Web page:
One of PGMBM’s many talented paralegals, Eléonore Buisson, recently graduated with a Masters in Economic Law from the Sciences Po Law School, 2020. Eléonore has spoken with Sciences Po about her law school experiences, her recruitment into PGMBM and her current role’s responsibilities, as well as her upcoming projects with the firm.
“The firm also stresses the importance for litigation trainees to gain international experience and, since joining the firm, I have travelled to Central Africa for one case, and I will also spend some time in PGMBM’s international offices in the US and/or in Brazil,” Eléonore said.
The full interview was published on the Sciences Po website and is duplicated below.
Can you tell us about your academic background?
My academic journey into Law is quite unconventional. I already knew in high school that I wanted to become a lawyer, but I thought it would be interesting to study an unrelated subject before reading Law, while gaining legal experience through internships. As such, I did my undergraduate degree in Technology and Management at UCL’s Faculty of Engineering and took subjects such as Corporate Finance, Data Analytics, and I even learnt how to code.
During that time, I gained legal experience at UNESCO in Cambodia working on the ICJ rulings regarding Temple of Preah Vihear (Cambodia v. Thailand), where I had the chance to go to the site of the temple located at the border between the two countries, as well with Clifford Chance in Paris.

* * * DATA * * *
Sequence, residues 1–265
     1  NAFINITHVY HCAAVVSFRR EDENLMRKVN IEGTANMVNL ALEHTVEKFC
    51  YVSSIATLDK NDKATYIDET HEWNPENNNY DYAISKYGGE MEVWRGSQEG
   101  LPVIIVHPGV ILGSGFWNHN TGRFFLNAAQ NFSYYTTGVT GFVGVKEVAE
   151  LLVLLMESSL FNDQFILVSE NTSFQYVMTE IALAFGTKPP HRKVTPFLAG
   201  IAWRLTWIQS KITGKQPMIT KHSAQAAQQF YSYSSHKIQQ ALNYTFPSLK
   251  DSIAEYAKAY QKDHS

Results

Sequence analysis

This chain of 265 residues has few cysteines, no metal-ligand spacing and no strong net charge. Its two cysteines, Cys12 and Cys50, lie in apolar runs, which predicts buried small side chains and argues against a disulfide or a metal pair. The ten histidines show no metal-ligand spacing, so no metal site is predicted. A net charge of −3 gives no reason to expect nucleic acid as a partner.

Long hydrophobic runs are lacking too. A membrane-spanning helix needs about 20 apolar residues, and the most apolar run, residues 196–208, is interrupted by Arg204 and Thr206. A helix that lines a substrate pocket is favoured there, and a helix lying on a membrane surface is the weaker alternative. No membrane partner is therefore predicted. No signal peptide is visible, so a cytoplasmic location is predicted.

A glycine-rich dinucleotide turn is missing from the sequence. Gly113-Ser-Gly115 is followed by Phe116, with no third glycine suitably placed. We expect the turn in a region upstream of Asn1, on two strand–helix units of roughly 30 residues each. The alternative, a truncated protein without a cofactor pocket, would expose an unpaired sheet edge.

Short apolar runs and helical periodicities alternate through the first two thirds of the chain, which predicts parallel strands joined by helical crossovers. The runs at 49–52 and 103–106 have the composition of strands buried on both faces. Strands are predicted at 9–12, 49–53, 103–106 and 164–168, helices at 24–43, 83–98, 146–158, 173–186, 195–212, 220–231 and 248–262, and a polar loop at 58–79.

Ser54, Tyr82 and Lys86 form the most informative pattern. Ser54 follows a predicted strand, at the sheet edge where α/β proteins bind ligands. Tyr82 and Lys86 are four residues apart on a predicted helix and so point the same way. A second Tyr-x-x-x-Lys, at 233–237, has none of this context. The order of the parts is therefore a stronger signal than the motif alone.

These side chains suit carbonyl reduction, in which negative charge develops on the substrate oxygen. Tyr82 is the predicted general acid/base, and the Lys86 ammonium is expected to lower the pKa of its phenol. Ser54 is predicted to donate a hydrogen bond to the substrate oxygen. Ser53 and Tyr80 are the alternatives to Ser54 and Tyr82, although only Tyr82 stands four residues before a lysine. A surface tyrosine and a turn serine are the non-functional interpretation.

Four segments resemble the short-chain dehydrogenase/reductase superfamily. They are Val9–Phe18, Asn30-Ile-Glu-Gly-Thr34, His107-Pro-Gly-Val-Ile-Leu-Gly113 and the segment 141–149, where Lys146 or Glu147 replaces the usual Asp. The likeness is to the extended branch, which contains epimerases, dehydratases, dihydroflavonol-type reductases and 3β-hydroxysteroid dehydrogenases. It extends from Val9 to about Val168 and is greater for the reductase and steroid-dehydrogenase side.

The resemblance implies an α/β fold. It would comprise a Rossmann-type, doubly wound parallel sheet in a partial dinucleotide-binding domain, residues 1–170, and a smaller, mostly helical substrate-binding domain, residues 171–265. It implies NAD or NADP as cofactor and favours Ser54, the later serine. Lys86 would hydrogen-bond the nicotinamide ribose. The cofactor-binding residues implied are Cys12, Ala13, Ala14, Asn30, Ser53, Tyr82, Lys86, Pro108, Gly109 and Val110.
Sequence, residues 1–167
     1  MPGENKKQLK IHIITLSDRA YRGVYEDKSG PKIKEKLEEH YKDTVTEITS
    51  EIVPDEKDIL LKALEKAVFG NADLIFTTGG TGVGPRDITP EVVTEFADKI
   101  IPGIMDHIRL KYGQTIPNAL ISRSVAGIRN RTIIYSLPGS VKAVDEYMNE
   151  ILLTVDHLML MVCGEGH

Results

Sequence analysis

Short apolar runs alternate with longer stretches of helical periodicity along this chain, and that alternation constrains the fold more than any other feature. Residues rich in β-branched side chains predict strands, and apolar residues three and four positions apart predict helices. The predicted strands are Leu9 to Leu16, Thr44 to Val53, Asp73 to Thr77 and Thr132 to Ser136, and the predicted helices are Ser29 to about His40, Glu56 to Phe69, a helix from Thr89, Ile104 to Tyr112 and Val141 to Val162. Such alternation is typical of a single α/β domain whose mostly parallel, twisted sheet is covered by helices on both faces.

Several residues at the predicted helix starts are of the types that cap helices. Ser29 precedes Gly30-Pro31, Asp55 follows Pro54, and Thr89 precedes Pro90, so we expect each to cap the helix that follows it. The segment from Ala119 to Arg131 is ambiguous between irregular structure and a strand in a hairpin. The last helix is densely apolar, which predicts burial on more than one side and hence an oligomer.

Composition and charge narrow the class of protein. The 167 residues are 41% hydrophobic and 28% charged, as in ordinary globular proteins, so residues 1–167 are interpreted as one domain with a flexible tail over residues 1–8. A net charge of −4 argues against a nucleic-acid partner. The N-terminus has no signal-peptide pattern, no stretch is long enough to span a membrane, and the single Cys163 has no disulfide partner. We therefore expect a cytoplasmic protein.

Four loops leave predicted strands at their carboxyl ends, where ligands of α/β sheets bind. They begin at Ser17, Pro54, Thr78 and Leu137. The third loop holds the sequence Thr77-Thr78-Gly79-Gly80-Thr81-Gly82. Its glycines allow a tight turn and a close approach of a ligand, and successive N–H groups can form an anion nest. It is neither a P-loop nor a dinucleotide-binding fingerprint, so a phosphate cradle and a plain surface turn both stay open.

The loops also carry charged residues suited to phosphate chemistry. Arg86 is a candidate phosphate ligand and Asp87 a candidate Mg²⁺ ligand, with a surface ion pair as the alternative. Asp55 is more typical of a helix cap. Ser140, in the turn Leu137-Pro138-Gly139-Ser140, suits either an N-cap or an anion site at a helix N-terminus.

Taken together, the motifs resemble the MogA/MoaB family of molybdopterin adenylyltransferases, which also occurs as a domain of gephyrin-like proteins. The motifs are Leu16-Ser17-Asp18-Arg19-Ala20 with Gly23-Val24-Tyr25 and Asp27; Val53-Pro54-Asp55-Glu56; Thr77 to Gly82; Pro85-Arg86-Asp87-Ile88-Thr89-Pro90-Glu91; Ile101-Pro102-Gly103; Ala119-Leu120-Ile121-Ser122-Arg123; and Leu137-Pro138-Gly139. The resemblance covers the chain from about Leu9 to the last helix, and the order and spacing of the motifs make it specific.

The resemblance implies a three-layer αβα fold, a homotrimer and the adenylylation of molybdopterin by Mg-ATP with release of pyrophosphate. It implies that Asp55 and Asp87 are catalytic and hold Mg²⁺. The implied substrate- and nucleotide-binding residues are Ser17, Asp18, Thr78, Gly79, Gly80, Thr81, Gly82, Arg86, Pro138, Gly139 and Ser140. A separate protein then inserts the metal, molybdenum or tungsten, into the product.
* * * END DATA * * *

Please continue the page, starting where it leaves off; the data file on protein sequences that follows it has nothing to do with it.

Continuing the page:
After graduating from UCL, I stayed another year in the UK to study the Graduate Diploma in Law (GDL), a one-year accelerated degree in English law, and I applied to Sciences Po at the time, as I wished to be familiar with French law before entering the legal profession. I deferred entering Sciences Po for one year to gain further legal experience, and worked for a legal tech start-up in Singapore and Human Rights Watch in Paris.
What was your experience at Sciences Po Law School?
The structure of the Master in Economic Law at Sciences Po is incomparable to any other degree in law. In two years, I was able to obtain a qualifying degree in French law with a focus on commercial law, as well as tailoring my areas of specialisation in International Law while being taught by French and American professors and practitioners.
The Master is also tailored so that you get indispensable practical experience as part of your law degree. As such, between the two years of the Master, I completed an internship at August Debouzy’s International Litigation and White Collar Crime practice and had the opportunity to be involved in the France Télécom trial, as well as working for former Prime Minister Bernard Cazeneuve on anti-corruption matters.
Also, since I did not attend Sciences Po as an undergraduate, I enjoyed reading part of the formation commune, two Humanities subjects of my choice so as to benefit from Sciences Po’s more general curriculum.
How was the recruitment process at PGMBM?
During the second year of the Master, I had the opportunity through Sciences Po’s Environmental Clinic (JETE) to be a research assistant in Private International Law to Prof. Calixto Salomão Filho who acts as an expert witness for PGMBM in a variety of cases.